Please share with the community what you think needs improvement with MySQL.
What are its weaknesses? What would you like to see changed in a future version?
What it would compare it to, from my point of view would be, Microsoft SQL Studio. I find the Microsoft solution a bit better. But mostly in terms of the UI layout, I would say. I just find it a little bit more efficient. But to be honest, I can work equally as well with both.
We would like to see more security.
As for what can be improved, right now we don't use the MySQL cluster. There is a MySQL cluster that you can run in a standalone mode, like a single database or you can do it in a cluster master-slave implementation. The cluster is not the best when it comes to MySQL. That's why we switched to MariaDB. For that simple reason that the cluster there is better. It's more manageable and it's easier to work with. We decide what to use depending on the needs. For example, if we need to mount something in a cluster mode, we use MariaDB, which again, is a Dockerized solution with a Helm chart as well, and it's very easy for us to deploy and manage, and also to scale when you just increase the number of slave versions. So MySQL doesn't have that great support when it comes to clusters. You can definitely use MySQL for that too, both support clustering, but the MariaDB is better. Additional features that I would like to see included in the next release of this solution include better support for backups. Because if you go with the MySQL Percona version, it gives you the tools to back it up securely. The vanilla version of MySQL doesn't have that. It actually does have it, but it is just really poorly executed. I would improve the backup system as well as the encryption. To make it smoother right now takes too much work. It should be a little bit smoother to backup the encrypted data the way you want it and have the ability to push it anywhere you want. That is not part of it right now. Now it is a database, so you don't know what you're going to do with it. It's difficult. You're just going to come up with solutions. But I think you can generalize here and come up with really simple solutions, which we have already in MySQL. That's probably the one thing that I would try and push right now for people to switch. But people are still not biting, because if you go with the managed version, then all the backups are taken care of for you by Amazon or Google or Microsoft. Then you really don't care. But for us, since we're doing it locally, self-hosted, we would like to have better tools for locking up the data. Right now, one aspect that is also linked to backups is running things in a crosscheck with semi-managed solutions. This requires a bit of a context. Since we're running things within the clustered communities, we're kind of pushing the Cloud into the cluster. We also want to push some of the tools for the database into a cluster, as well. So these are what we call Kubernetes operators. And there's MySQL operators that were first developed by the community. Those kind give you the ability to backup data within the cluster. So now you have a fully managed solution running from your cluster. These are called MySQL Kubernetes operators. We are looking into those right now to upgrade our solution, which would mean that we can just execute our backup natively within Kubernetes, not via special scripts. This would make it much easier to actually deal with any kind of MySQL issues within the cluster, because it would be cluster-native. That's what the operators are for. I think Oracle just created a really good one. It surprised me that they have this. It's not because of Oracle, but they got pushed by the community and actually created the MySQL Operator for Kubernetes, and that's what we're moving towards. This is going to give you an ability to have a cloud-managed solution within the cluster. And then you can ask the MySQL Operator for the database. They'll partition the database and give it to you. So it will change the nature from you deploying it to you just asking the cluster to give you a database. It's a fully managed solution right from the cluster. So that's what we're heavily looking into right now. We'll be switching to using Kubernetes MySQL Operators. It's a high-availability cluster running within the Kubernetes cluster. Right now we're pretty good with that. It's working fine. We're trying to find some time to actually release that globally everywhere. That's where I am right now. But in terms of technology, if you give up Oracle, you just go to a MySQL operator. That's the one we're using, what we're actually looking at - to create, operate and scale mySQL and sell it within the cluster. This idea of having a cognitive MySQL becomes much easier to manage within the cluster, as well. So you don't have to go with the cloud solution with AWS or Google cloud or Amazon MySQL or the Microsoft version. The Oracle SuperCluster is the Oracle MySQL operator. That's what we we are looking into a lot right now. Mainly because it does backups on demand - it's so easy to backup. You can just tell Kubernetes to backup and you don't have to run special scripts or special extra software or codes to back it up. You can make the backup as you would do anything else. Send a backup or some other data source or insert an Elasticsearch into it here. Just say "Kubernetes, back it up" and you know Oracle has this adapters within the cluster to back it up for you taking increments or different companies. So that makes it really nice and easy to use and to deploy. With that kind of solution you can ask to class or petition the database how you want. So again, it changed the nature of the kind of push-to-pull second nature system. Are you pushing your containers to a cluster? You just say cluster, "give me a database" and the class gives you the base partition database, creates a database in a secure manner, gives the connection to the database, and you're done. Then you can back it up on a schedule on to any backup switches. It's much easier. So once this goes, it is going to be widely adopted, which it should be. But I think people might not have the tech skills right now. But once it's adaptive, maybe in a few more months, it's going to be the number one solution for everybody. In terms of what I'd like to see in the next release, one thing that's always missing is dash boarding. There's no real BI tool for MySQL, like there is in Yellowfin and all the different tools that you get. They all have MySQL connectors, but there's no specific BI tool for MySQL. Open source projects have sprung up, but they're more general purpose, like Postgress, a MySQL kind of database, a relational database. I don't see any really nice tool like Cabana for elastic searches that I can tell clients to use because it would be too technical for them. They would have to have more technical engagement with writing the course, drag and drop, and creating a graph like in Power BI where you just connect with DIA. So I'd like to see the grab and drag and drop tables, nice beautiful graphics, and pie charts. You don't necessarily have that with MySQL like you have other solutions, which are really cost prohibitive for some clients. It'd be nice to have an open source solution for that. Decent solutions. I mean decent that I can take to clients. It's so technical. They want to drag and drop.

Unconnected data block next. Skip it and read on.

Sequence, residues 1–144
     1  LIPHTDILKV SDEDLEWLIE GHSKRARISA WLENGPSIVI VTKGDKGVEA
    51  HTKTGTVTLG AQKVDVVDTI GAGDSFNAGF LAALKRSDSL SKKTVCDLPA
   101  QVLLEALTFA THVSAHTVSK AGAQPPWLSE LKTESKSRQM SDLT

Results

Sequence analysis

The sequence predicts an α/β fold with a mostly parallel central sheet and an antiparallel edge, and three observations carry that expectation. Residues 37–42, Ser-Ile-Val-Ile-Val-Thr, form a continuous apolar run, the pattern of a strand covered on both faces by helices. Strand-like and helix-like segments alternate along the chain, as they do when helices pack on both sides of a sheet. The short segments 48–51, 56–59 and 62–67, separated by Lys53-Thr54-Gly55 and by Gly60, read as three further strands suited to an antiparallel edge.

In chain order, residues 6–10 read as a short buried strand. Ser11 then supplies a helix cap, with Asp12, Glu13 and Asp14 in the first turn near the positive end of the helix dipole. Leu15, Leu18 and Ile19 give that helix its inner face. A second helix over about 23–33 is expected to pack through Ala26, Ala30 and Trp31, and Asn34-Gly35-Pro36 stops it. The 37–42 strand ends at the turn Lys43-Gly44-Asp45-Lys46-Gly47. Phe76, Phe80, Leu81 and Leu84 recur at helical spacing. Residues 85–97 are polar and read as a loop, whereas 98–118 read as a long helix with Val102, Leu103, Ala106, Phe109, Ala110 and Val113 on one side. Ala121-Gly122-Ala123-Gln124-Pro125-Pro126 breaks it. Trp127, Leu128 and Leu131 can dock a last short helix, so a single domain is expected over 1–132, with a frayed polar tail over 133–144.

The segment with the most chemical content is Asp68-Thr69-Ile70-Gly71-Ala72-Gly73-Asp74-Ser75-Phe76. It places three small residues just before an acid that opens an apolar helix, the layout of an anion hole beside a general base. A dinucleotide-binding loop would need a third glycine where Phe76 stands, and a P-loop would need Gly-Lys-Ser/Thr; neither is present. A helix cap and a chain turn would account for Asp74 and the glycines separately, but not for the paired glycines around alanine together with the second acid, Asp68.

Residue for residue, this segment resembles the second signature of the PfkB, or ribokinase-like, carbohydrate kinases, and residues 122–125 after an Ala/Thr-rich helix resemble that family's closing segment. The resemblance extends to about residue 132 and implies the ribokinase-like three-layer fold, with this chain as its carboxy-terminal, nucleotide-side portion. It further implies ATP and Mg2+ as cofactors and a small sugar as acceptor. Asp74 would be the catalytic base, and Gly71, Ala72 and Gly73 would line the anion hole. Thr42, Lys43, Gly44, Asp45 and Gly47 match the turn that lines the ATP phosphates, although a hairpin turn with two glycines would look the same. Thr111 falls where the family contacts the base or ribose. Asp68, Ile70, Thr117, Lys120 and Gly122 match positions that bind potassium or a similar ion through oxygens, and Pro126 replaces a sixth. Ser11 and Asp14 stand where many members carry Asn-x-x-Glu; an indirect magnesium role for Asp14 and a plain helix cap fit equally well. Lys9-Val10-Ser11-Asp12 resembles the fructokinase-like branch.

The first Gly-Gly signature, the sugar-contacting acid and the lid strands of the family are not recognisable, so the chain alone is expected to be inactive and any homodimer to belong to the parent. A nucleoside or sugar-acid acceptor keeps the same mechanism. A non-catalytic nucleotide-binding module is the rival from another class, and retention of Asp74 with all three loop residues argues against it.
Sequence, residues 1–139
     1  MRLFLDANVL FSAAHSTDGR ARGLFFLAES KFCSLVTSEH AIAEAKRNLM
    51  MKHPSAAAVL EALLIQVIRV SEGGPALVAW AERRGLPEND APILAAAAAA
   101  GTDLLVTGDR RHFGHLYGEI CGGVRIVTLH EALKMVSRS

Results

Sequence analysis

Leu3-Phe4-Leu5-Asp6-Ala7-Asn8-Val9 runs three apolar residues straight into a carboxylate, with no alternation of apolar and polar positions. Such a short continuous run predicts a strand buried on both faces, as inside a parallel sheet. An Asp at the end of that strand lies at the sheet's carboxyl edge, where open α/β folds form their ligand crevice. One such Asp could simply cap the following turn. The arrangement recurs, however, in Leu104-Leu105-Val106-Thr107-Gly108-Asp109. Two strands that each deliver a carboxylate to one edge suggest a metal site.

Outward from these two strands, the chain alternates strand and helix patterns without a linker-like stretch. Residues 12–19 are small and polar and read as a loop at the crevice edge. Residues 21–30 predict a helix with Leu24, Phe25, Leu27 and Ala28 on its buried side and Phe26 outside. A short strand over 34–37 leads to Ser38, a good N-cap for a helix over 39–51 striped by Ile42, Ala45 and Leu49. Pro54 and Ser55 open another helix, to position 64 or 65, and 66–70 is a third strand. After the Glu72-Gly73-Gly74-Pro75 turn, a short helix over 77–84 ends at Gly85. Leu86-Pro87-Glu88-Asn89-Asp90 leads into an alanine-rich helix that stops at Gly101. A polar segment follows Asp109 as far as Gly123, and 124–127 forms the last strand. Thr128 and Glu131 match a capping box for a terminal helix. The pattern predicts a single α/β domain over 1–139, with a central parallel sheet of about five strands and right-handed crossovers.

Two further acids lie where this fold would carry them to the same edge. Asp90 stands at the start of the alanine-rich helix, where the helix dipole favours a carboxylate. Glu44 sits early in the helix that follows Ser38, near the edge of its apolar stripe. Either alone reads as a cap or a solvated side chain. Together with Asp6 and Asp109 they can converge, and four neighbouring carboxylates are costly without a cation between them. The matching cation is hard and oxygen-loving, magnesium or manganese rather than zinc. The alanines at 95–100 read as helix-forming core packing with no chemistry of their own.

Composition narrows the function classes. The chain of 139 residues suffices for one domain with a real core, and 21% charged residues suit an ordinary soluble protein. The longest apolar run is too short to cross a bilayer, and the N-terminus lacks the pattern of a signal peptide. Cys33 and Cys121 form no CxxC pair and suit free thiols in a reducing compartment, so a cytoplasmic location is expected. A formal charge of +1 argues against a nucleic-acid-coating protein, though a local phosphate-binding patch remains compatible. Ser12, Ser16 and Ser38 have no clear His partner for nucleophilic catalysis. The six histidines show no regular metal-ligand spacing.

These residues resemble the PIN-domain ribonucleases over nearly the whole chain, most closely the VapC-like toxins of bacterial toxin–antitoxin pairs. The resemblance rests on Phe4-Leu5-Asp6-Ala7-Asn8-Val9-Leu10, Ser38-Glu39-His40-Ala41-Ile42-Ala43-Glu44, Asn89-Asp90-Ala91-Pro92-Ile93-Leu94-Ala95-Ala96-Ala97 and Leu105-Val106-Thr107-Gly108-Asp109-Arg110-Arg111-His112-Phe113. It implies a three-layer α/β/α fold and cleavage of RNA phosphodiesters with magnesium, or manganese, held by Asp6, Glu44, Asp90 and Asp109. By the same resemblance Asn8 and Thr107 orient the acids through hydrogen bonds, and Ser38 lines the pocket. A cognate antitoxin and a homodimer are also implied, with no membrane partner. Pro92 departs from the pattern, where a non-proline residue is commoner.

We haven't noticed and features that are lacking. From a user perspective, the initial setup could be simplified a bit.
The replication needs improvement. It's becoming a native cloud product like Oracle DB or Cockroach DB.
* I think a better front end would be a better solution (web application front end, similar to what Red Hat is doing to Fedora). * Another nice solution for MySQL clustering would be the use of Webmin. * Also, security measures could always be improved, and the clustering process could be enhanced as well. I recommend using UFW, iptables, and firewalld.
The only service which could be improved is its usability. The entire user experience needs to be revamped to meet the 2018 design standards.
When working with a cluster wide, I have to use the MySQL cluster version.